A quick way to make those leftovers in the fridge into something really tasty and creative to go with your lunch. Any left over veggies can be added. Here’s how we made ours – but what’s your favourite combination?
Follow a recipe; follow food safety & hygiene rules; tidy away; use measuring spoons and cups; cut using the bridge/claw technique; snip herbs with scissors; season to taste; garnish.
Bowl, table knife, chopping board, measuring spoons, scissors, spoon.
Allergens (Please note the allergens listed are indicative only. Allergens vary depending on brand; check the labels on the products you use)
Mustard | Eggs | Milk | Soya
Ingredients (serves 2):
- 1 medium cooked potato
- 2 spring onions, snipped into small rings
- 2 tbsp sweetcorn
- 1 tbsp cooked edamame beans
- 4 cooked carrot batons
- 1 tbsp low fat mayonnaise
- 1 tbsp fat free Greek yogurt
- Black pepper
- Cut any large vegetables, like the potatoes, into small cubes of about 1 inch, and place in the bowl with all of the other vegetables.
- Add the mayonnaise and yogurt to the bowl, along with the black pepper, and mix together until everything is covered in the dressing.
- Snip some chives on top and serve.
So thinking about Leftover Loveliness...
Potatoes are very nutritious and low in calories. If eaten with the skin on they are high in complex carbohydrates and fibre. They are a good source of vitamin C and B6, and minerals.
Vegetables are so good for us! Low in fat, sugar and calories and high in vitamins and minerals.
Greek Yogurt is an excellent source of calcium, and a good source of Vitamin D for strong teeth and bones.
|Energy||649kJ / 155kcal||8%|
per 172g serving
% of an adult's reference intake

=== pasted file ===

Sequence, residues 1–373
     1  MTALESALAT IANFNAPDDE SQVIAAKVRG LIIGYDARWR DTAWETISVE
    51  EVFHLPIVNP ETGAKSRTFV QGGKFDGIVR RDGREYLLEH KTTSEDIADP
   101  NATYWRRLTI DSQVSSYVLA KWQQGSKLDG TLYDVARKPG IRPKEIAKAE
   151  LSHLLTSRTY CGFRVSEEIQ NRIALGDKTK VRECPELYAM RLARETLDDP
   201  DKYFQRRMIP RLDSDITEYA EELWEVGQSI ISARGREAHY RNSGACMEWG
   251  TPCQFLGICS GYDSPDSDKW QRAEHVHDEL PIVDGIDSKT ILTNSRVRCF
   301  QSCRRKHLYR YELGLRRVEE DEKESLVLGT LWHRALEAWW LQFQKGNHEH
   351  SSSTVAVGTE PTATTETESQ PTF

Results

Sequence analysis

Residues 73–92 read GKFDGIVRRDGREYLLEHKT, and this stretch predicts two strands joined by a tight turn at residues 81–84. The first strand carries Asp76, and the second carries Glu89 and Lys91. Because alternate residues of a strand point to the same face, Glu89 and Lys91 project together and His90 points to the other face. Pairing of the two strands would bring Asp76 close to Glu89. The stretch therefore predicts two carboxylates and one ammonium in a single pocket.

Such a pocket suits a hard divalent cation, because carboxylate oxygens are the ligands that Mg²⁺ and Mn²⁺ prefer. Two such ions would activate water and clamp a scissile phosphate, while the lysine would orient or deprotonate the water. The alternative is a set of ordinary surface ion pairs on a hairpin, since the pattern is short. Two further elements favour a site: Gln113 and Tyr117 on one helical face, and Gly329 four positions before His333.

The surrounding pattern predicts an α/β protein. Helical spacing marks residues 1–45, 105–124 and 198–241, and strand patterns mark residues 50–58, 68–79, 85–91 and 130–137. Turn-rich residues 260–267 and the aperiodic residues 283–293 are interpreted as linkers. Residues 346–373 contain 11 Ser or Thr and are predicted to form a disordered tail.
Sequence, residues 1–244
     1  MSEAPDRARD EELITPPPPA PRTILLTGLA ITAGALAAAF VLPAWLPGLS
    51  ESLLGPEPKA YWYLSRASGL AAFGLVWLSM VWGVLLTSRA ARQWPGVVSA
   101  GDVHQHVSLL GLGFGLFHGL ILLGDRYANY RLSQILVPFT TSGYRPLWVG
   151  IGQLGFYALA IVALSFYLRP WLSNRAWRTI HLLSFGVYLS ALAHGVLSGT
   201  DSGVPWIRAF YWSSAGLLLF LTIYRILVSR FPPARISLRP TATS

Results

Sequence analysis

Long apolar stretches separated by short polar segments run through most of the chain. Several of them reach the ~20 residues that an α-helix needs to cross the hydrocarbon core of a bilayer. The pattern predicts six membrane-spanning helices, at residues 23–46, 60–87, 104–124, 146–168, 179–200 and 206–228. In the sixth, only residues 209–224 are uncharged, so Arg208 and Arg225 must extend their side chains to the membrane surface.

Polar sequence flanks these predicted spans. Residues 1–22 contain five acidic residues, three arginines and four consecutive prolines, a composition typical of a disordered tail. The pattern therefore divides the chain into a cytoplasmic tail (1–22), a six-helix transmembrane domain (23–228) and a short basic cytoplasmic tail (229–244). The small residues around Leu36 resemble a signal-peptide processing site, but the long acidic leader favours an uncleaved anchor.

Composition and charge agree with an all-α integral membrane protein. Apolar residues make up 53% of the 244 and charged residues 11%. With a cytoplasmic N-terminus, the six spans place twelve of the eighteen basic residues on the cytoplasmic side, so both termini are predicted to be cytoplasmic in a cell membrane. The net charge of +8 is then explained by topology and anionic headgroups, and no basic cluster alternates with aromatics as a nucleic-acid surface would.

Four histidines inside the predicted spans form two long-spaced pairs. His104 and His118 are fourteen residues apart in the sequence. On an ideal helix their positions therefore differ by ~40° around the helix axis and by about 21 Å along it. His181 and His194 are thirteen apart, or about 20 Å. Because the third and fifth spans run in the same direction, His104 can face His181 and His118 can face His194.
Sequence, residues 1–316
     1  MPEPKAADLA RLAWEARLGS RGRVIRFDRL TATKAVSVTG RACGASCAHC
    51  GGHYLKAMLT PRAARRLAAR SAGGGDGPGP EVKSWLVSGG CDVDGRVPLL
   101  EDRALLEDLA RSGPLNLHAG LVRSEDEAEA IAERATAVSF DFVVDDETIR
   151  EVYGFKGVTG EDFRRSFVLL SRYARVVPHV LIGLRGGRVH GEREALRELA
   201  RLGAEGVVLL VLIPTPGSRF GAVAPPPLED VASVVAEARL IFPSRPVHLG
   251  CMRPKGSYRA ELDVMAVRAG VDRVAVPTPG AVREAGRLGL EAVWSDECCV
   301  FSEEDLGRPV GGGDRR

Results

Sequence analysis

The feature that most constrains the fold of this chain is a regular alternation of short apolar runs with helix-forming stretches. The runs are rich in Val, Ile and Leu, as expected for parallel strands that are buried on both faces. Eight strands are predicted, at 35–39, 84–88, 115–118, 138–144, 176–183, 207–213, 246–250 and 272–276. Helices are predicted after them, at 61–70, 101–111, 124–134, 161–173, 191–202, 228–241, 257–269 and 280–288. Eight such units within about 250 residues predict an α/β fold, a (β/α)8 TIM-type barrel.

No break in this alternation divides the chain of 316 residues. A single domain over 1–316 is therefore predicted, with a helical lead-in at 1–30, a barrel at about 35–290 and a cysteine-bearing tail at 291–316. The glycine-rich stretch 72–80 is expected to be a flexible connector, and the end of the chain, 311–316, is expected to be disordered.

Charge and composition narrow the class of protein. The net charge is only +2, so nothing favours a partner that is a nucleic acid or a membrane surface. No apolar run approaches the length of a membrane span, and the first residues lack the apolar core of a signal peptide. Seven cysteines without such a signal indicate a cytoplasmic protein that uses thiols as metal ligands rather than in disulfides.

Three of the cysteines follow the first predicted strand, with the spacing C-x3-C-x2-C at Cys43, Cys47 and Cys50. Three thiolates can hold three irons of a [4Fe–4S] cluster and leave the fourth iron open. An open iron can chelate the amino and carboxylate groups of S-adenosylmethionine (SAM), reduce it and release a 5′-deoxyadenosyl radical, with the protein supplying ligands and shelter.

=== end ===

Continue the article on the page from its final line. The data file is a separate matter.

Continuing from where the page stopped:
Typical values per 100g: Energy 377kJ / 90kcal
A traffic light system is used on nutrition labels to make it easier to see which foods and drinks are lower in calories, fat, sugar and salt. Try and choose more ‘greens’ and ‘ambers’ and fewer ‘reds’, and stick to smaller portions of ‘reds’.
Just because a recipe or a food has a red traffic light doesn’t mean you shouldn’t eat it. Understanding why a food or recipe might have a red light can be helpful. For example oily fish is high in total fat and so any recipe containing oily fish is likely to be ‘red’ for fat. But it is recommended that we eat oily fish at least once a week because the type of fat it contains is beneficial for our health.
% Reference Intakes are also shown. Reference Intakes are guidelines about the approximate amount of particular nutrients and energy required for a healthy diet (based on an average-sized woman doing an average amount of physical activity). Most children will require less than these Reference Intakes. The contribution of one serving of a food or drink to the Reference Intake for each nutrient is expressed as a percentage.